Updated: 1/1/2021

Klippel-Feil Syndrome

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Key Images
https://upload.orthobullets.com/topic/2051/images/klippel feil.jpg
https://upload.orthobullets.com/topic/2051/images/klippel-feil-syndrome-picture.jpg
https://upload.orthobullets.com/topic/2051/images/sprengel.jpg
https://upload.orthobullets.com/topic/2051/images/klippel_fiel.jpg
https://upload.orthobullets.com/topic/2051/images/klippel_fiel_2.jpg
https://upload.orthobullets.com/topic/2051/images/klippel_fiel_3.jpg
Summary
  • Overview
    • Klippel-Fiel Syndrome is a rare congenital condition characterized by abnormalities in multiple cervical segments  
      • diagnosis is made from physical examination, medical history and imaging findings including congenital fusion of 2 or more cervical vertebrae
      • treatment is usually observation with restriction of contact sports if the anomaly extends proximal to C2
Science
  • Pathophysiology
    • mechanism
      • due to failure of normal segmentation or formation of cervical somites at 3-8 weeks' gestation
  • Genetics
    • SGM1 gene (Chr 8)
    • Notch and Pax genes
  • Associated conditions
    • orthopedic conditions
      • congenital scoliosis 
      • Sprengel's deformity (30%) 
    • medical conditions & comorbidities
      • renal disease (aplasia in 33%)
      • auditory issues (deafness in 30%)
    •  
      •  congenital heart disease/cardiovascular (15-30%)
      • brainstem abnormalities/basilar invagination 
    •  
      •  congenital cervical stenosis 
        • MRI to rule out intraspinal cord abnormalities
      • atlantoaxial instability (~50%)
      • adjacent level disease (100%)
        • degeneration of adjacent segments of cervical spine that has not fused is common due to increased stress
Classification
  • KFS classification
    • Type I: extensive fusion of most or all of the cervical spine
    • Type II: fusion or only 1 or 2 vertebrae in the cervical spine
    • Type III: fusion exists in part of the thoracic and/or lumbar spine, in addition to Type I or Type II KFS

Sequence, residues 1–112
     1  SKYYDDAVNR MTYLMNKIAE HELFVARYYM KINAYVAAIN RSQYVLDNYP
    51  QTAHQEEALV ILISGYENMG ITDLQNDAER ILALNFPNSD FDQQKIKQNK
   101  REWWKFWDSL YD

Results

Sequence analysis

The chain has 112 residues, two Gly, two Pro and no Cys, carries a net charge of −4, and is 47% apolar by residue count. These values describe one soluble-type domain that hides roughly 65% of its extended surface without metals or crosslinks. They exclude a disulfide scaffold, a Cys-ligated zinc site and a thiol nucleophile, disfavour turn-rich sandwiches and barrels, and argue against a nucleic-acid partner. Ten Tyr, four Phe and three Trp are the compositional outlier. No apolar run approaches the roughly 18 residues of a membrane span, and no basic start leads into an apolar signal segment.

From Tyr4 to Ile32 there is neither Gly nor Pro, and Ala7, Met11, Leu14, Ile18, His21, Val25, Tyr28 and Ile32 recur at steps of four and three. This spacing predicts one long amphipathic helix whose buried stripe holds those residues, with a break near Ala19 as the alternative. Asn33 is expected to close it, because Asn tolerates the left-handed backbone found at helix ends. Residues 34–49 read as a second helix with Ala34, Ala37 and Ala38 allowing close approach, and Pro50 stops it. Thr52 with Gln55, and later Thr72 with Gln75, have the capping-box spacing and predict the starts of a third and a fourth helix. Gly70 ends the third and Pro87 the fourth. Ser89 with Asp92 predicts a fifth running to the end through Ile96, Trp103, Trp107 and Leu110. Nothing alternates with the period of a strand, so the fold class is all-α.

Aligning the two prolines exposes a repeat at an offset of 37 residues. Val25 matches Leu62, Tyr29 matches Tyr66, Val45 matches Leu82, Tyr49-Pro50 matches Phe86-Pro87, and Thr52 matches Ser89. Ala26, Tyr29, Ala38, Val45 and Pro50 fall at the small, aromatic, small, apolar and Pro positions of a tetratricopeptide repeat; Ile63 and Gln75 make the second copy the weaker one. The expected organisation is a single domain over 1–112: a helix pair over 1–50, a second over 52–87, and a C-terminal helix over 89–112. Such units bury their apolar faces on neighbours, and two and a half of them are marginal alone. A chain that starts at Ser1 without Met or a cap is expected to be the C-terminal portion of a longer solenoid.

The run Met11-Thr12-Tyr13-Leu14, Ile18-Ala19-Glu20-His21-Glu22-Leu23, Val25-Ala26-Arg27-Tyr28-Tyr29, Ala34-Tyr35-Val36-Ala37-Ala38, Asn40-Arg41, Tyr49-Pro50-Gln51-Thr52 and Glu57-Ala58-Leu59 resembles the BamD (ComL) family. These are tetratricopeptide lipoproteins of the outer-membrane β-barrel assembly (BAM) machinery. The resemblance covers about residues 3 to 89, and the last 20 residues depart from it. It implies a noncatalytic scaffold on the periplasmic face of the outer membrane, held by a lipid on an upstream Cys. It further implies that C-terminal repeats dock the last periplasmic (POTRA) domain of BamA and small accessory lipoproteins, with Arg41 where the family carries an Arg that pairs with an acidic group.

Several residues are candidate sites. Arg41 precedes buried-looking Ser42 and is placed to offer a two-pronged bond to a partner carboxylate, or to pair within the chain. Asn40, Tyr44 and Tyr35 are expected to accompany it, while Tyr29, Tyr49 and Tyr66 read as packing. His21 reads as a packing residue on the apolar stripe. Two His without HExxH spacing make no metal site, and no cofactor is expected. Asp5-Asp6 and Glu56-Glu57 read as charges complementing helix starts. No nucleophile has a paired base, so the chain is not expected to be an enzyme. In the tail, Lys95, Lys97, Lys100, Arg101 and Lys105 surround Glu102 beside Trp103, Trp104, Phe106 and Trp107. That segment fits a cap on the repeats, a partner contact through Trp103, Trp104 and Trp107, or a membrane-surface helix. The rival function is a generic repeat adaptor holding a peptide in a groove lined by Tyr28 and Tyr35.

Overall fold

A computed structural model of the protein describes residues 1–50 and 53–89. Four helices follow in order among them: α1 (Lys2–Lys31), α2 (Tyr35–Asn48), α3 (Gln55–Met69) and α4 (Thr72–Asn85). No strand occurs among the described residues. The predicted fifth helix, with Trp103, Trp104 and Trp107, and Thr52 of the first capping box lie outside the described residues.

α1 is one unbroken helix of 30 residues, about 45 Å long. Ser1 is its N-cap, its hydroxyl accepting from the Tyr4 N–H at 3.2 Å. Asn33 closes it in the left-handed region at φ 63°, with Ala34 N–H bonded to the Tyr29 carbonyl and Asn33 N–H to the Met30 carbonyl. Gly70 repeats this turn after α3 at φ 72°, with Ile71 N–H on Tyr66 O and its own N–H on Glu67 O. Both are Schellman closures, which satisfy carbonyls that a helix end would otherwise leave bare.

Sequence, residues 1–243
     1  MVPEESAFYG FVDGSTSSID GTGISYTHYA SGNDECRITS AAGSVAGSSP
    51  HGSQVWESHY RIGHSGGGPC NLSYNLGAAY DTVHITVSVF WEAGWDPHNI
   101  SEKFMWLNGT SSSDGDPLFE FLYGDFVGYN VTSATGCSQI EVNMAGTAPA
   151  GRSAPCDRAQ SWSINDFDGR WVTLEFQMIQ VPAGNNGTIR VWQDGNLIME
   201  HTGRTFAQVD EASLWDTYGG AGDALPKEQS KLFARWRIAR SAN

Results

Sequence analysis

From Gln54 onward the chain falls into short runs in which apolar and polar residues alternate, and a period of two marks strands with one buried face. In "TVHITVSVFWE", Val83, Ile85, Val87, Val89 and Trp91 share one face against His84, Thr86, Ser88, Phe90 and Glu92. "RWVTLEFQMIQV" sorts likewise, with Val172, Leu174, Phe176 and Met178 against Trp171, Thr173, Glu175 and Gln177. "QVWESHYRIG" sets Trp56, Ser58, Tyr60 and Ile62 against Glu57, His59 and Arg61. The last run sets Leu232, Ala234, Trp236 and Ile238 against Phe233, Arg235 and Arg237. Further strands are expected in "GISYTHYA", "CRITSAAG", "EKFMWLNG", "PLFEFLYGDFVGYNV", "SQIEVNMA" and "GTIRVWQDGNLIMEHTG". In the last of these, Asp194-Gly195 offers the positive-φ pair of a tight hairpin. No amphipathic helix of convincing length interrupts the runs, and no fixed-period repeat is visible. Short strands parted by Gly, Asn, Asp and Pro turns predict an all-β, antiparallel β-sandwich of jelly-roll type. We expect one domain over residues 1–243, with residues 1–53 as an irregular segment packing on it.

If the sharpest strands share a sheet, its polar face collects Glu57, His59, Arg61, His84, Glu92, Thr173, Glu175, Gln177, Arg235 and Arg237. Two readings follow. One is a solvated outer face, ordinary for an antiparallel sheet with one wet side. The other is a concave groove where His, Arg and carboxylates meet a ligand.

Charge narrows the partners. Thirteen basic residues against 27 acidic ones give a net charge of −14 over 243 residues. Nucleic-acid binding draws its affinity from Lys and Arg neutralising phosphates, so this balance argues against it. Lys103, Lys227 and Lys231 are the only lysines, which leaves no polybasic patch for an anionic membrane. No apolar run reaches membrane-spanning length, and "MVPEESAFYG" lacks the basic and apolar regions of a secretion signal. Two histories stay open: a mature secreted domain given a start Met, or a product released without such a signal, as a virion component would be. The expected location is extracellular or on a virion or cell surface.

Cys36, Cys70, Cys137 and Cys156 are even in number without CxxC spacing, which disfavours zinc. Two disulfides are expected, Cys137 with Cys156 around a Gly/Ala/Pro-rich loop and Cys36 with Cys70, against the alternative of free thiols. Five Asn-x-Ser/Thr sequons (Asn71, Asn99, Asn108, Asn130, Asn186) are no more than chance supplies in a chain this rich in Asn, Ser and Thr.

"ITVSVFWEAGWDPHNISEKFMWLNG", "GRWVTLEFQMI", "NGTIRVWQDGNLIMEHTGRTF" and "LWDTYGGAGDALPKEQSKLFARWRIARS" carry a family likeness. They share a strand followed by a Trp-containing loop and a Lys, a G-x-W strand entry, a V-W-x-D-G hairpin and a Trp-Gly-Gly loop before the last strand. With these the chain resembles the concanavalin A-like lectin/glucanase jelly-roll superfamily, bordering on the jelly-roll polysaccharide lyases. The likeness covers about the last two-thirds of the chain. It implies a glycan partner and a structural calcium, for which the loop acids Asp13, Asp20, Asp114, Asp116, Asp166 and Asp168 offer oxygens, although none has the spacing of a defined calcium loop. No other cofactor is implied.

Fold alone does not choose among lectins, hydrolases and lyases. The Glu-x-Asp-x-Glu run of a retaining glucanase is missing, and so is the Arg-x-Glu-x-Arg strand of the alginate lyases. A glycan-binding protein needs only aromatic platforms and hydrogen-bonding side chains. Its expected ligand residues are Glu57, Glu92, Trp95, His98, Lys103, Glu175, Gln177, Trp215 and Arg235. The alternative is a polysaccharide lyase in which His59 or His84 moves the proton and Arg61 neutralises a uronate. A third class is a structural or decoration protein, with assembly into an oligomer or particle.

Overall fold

• Despite this original classification, none is widely accepted
    • extent and locations of fusions is important
      • fusions above C3 
        • more likely to be symptomatic and require abstaining from contact sports
      • fusions below C3
        • less likely to be symptomatic and most likely to have a normal life span
Presentation
  • Symptoms
    • stiff neck
  • Physical exam
    • inspection
      • classic triad (seen in fewer than 50%)
        • low posterior hair line 
        • short webbed neck 
        • limited cervical ROM
      • other findings
        • high scapula (Sprengel Deformity) 
        • jaw anomalies
        • partial loss of hearing
        • torticollis
        • scoliosis
Imaging
  • Radiographs
    • recommended views
      • AP, lateral, and odontoid views
    • findings
      • fusion 
        • may be craniocervical (occiput to C2), subaxial, or both
      • basilar invagination
        • is seen on lateral view 
        • defined as dens elevation above McRae's line
      • atlantoaxial instability
        • is present when the atlanto dens interval (ADI) is >5 mm
        • cervical spinal canal stenosis is seen when spinal cord canal <13 mm  
      • degnerative changes
        • degnerative disease of the cervical spine is seen in 100% 
      • calcifications
        • calcifications may be seen within the intervertebral space
          • resolution within 6 months is common
Tested Differential
  • congenital scoliosis
  • postinfection/spine inflammatory disorders
  • Mayer-Rokitansky-Kaster syndrome
  • Sprengel's deformity
Treatment
  • Nonoperative
    • observation with ability to participate in contact/collision sports
      • indications
        • asymptomatic patients with fusions of 1-2 disc spaces below C3
    • observation and abstain from contact/collision sports
      • indications
        • asymptomatic patients with fusion involving C2
          • most common presentation
        • long fusions
      • modalities
        • counseling important to avoid activities that place the neck at high risk of injury 
          • contact sports, gymnastics, football, wrestling, trampoline, etc
  • Operative
    • surgical decompression and fusion 
      • indications
        • basilar invagination
        • chronic pain
        • myelopathy
        • associated atlantoaxial instability
        • adjacent level disease if symptomatic
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Questions (1)

(OBQ11.117) The 10-year-old boy shown in Figures A-B wishes to participate in junior football. A cervical spine CT scan is shown in Figure C. His renal evaluation shows unilateral renal aplasia and his cardiac evaluation is normal. What is his most likely diagnosis and the most appropriate corresponding medical clearance decision for playing football? Tested Concept

QID: 3540
FIGURES:
1

Klippel-Feil syndrome with no participation in contact sports

83%

(3334/4021)

2

Down's syndrome with no participation in contact sports

3%

(101/4021)

3

Holt-Oram syndrome with no participation in contact sports

5%

(212/4021)

4

Down's syndrome with full participation in contact sports only following skeletal maturity

1%

(33/4021)

5

Klippel-Feil syndrome with full participation in contact sports only following skeletal maturity

8%

(317/4021)

L 2 C

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Evidence (11)
Topic COMMENTS (10)
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